A Work in Progress

A few weeks ago My Hero came home from classes (he’s a non-traditional student studying toward a degree after years of living life by the hammer) and told me about the visiting artist who would be coming to town to work with the Art Department for a week. This artist, as he explained, was requesting to conduct the art classes in the home of a family within walking distance of the University campus.

I looked aside at him and asked warily, “We’re a bit too far away for that, right?” He agreed and we may have made a few more comments about the interesting concept of holding art classes in someone’s home before we moved on to another subject.  It was another couple weeks before the topic came up again when My Hero mentioned that his art professor was having trouble finding a location/volunteer for the visiting artist project.


I agreed that if they ended up with no other options, we could open our home to the artist and students. And that is how our family became the subject for two drawing classes, a photography class and a creative writing class.

Initially, we didn’t realize that WE were going to be focus of the art and writing pieces created by the students during that week… Or rather, our home and the objects within it were the focus and through those items, our family. It was an odd experience to watch as the students wandered about our house. They studied the family photos on the walls, asked about some of the odd items My Hero and I have collected over the years, played with the dog, and asked the kids about their favorite toys. As I understand it, their assignments were to pin-point items in our house that held some sort of importance and create a drawing or photograph or piece of writing about that item.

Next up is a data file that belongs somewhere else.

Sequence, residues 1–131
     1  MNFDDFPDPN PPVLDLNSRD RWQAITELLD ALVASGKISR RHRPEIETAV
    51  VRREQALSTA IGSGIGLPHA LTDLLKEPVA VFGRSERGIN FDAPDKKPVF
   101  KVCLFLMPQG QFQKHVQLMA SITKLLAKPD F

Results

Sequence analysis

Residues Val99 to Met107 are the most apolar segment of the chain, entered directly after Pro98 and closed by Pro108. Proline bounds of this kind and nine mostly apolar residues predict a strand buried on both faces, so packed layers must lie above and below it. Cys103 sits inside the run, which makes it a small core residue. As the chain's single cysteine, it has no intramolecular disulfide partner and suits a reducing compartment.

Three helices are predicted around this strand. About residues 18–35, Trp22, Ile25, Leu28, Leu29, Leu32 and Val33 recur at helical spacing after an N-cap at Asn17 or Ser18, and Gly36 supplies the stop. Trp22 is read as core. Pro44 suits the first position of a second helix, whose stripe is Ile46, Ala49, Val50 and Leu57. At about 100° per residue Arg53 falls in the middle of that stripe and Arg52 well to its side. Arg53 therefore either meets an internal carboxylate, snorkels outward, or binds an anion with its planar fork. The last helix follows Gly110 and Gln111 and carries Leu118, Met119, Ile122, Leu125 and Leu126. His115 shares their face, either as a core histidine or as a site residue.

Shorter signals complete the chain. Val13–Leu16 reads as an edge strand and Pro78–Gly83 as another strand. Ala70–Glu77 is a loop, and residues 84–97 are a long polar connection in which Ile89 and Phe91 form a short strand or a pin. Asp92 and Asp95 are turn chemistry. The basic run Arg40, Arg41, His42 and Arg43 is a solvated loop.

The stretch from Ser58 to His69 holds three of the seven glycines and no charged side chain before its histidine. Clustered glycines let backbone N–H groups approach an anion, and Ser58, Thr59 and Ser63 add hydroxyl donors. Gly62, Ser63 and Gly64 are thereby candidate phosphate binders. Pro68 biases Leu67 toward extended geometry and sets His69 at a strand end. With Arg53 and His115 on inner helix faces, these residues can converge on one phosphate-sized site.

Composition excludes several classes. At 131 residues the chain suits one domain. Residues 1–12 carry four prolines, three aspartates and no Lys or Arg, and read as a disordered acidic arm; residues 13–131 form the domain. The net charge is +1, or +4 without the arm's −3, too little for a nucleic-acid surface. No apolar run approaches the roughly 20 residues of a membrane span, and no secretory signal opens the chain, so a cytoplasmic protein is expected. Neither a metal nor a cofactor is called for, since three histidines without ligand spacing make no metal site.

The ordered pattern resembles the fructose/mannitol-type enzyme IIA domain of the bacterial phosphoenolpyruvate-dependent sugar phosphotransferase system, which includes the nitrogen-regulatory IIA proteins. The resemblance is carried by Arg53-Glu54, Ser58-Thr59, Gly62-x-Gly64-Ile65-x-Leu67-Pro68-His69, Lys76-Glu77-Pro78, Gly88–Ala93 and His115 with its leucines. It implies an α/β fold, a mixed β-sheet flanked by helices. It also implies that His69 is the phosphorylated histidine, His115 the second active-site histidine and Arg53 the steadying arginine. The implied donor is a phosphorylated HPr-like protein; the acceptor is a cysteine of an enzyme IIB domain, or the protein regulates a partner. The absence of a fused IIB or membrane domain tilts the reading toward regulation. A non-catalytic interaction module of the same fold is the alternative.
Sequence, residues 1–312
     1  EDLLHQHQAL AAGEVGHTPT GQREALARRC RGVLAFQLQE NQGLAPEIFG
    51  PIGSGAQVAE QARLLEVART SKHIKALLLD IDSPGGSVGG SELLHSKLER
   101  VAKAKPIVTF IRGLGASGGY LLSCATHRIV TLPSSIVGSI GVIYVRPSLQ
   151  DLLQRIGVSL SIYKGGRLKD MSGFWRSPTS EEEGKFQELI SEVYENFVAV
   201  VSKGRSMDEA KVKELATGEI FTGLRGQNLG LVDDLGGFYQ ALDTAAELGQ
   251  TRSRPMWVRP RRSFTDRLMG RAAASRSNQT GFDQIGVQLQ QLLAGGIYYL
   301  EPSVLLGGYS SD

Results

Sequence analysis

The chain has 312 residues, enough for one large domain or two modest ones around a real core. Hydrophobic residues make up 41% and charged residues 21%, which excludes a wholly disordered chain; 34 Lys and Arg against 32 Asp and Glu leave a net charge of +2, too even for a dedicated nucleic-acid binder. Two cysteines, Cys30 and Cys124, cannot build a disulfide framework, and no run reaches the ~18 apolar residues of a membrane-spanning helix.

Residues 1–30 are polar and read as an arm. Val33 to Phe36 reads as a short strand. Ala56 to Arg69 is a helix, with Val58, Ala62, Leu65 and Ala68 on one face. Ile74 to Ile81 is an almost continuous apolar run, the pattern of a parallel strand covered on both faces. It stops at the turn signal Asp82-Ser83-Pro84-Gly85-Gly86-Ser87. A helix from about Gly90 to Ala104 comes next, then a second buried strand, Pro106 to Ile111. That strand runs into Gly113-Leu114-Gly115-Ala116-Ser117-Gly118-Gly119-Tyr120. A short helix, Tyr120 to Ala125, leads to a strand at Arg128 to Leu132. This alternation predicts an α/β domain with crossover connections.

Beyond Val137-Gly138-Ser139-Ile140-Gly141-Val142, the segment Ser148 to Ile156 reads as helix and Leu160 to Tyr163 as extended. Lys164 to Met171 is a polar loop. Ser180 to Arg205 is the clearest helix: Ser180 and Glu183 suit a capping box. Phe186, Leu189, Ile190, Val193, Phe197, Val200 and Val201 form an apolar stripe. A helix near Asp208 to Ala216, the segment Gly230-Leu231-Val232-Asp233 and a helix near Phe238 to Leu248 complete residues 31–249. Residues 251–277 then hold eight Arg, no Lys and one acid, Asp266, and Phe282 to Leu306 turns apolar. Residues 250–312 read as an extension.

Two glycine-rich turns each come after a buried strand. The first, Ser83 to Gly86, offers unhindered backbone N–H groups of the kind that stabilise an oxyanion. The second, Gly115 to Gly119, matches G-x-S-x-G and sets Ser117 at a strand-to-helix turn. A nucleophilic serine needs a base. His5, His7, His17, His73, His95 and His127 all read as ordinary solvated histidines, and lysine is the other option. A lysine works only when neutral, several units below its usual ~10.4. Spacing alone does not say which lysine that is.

To be honest, throughout the week as the students came and went, I felt pride and enjoyment in showing off the details of my family’s life and history, but I also occasionally felt a disturbing twinge of vulnerability. I mean, these people would look at our personal possessions and they would be forced to make judgments based on their brief exposure to our lives. There was no chance to explain or clarify if they got the wrong impression. I had to accept that whatever they took from their experience would be theirs to do with what they wished.  I had no control over what may have inspired them or what they created from it. I had to release and accept and trust.

Yea, a little scary for a control freak like me.

At the end of the week, the students’ works were exhibited at the University.

It was amazing!

How rare and precious it is to be able to step outside yourself then turn around to look back in from a different perspective. Images and artistic reproductions of my home and family’s possessions were spread across the walls and filled the space between.  And in that setting, via the creative vision of others, I saw so much more than I expected to. Mundane items that I see hundreds of times a day, things I pass by with barely any notice, became beautiful and intriguing. My life and my family’s home is a creative and artistic work in progress.

Everyone should have such an opportunity.


2 thoughts on “A Work in Progress

  1. David Moser says:

    Thanks for sharing! Adam, the visiting student from Portland, is our son.

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